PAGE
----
The Towner Art Gallery, Eastbourne

The art gallery in the seaside town of Eastbourne has an interesting collection of Victorian art by mainly minor genre painters. John Chisholm Towner (1840-1920) was a local benefactor who, on his death, left a score of paintings from his private collection, and 5000 for building an art gallery, to the people of Eastbourne. In the event, the local council purchased an 18th Century manor house, and converted this to form the art gallery. It was opened as the Towner Art Gallery in 1923.

The paintings of the original Towner Bequest, all of which are on display, include several by well-known artists. Frederick Goodall has a Gypsy Encampment (1848), a deliberate composition of poor folk huddled by a tent, which is a characteristic example of his early work before he turned to Egyptian themes in the late 1850s. The Temple of Theseus (1830) by William James Mueller is a serious collection of figures and ruins by this artist. Thomas Sidney Cooper has a typical Cattle and Sheep (1850). There is a bright clifftop scene by Thomas James Lloyd (1849-1910) called Milk for the Calves (1881), and a worthy Auction (1874) by George Smith (1829-1901), containing lots of people, trophies, pictures stacked up - a picture with a story to tell in a Frithian sort of way.

John Frederick Herring Sr is represented by two brown-toned rustic scenes, and James Orrock (1829-1913) has two works. Among other artists represented are William Lee Hankey, William Strutt, Thomas Bush Hardy, and David Murray. Also worth a mention is the single foreign picture - an interior with figures by the Italian artist Lorenzo Cecconi (1863-1947) - the rabbit is especially good.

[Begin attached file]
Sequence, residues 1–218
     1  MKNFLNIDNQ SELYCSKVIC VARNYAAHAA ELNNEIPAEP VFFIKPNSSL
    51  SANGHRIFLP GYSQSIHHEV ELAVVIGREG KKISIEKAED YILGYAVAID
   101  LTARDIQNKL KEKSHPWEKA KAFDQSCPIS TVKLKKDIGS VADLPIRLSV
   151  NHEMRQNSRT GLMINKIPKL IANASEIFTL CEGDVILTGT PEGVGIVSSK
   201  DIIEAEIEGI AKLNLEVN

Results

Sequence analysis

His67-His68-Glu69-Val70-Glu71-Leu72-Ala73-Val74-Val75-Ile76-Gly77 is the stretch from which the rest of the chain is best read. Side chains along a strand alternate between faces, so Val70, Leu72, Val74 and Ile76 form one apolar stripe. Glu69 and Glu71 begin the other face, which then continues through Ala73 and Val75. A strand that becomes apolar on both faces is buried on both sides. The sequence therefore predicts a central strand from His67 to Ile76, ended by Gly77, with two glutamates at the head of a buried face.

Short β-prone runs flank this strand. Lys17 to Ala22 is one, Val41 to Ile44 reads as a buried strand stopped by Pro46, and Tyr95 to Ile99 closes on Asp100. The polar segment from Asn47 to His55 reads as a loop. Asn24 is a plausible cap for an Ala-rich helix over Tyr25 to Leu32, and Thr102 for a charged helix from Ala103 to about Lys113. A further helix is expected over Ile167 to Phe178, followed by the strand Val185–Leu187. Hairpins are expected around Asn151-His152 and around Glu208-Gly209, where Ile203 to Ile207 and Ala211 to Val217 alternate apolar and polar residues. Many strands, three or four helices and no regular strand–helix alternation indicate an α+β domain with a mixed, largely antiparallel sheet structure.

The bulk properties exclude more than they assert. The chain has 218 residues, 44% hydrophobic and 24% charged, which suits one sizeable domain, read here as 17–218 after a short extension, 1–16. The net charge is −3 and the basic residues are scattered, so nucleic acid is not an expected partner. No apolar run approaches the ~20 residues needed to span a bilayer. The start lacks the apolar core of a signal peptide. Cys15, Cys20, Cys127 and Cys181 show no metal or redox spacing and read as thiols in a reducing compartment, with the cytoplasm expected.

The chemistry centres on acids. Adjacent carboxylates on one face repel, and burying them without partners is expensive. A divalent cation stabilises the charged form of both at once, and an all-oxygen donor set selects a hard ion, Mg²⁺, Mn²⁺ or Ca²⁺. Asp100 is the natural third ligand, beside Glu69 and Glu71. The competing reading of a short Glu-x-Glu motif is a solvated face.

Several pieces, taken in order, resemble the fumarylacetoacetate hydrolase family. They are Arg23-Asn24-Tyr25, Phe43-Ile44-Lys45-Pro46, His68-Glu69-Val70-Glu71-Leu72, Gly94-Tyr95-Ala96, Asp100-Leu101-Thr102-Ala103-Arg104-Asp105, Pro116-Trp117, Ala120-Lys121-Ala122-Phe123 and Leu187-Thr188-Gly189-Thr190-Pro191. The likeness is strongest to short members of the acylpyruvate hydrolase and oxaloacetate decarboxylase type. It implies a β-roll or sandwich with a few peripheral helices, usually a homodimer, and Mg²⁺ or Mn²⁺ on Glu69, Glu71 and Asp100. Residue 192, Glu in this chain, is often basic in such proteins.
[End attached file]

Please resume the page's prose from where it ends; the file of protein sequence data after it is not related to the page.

The rest of the Towner Art Gallery contains a variety of temporary local exhibitions, and a local history museum about Eastbourne and the museum itself. As mentioned, the museum building originated in the latter part of the 18th Century, and there are portraits of the first residents - Revd Henry Lushington and his wife Mary Lushington - by John Hamilton Mortimer (1740-79). Representative but wooden. From the 19th Century, there is a full length portrait of the first Mayor of Eastbourne, George Ambrose Wallis, by Henry Gales, and a not very profound scene Resting at Plough by Herring Sr (see above) together with John F Tennant (1796-1872). Later work includes another David Murray, a William Nicholson, and a room devoted to the war artist and illustrator Eric Ravilious (1903-42), a pupil of John Nash.

Eastbourne itself was developed as a resort by the William Lord Burlington, seventh Lord Cavendish. The London-Brighton and South Coast Railway was extended to Eastbourne in 1849, the Burlington Hotel was put up there in 1851, and the town was laid out mostly in the 1860s and 1870s. Much of the building was supervised by Wallis, mentioned above, who was agent of the 7th Duke and a civil engineer by training.

Eastbourne's statue of the 7th Lord Cavendish, by W. Goscombe John

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Victorian art in Britain

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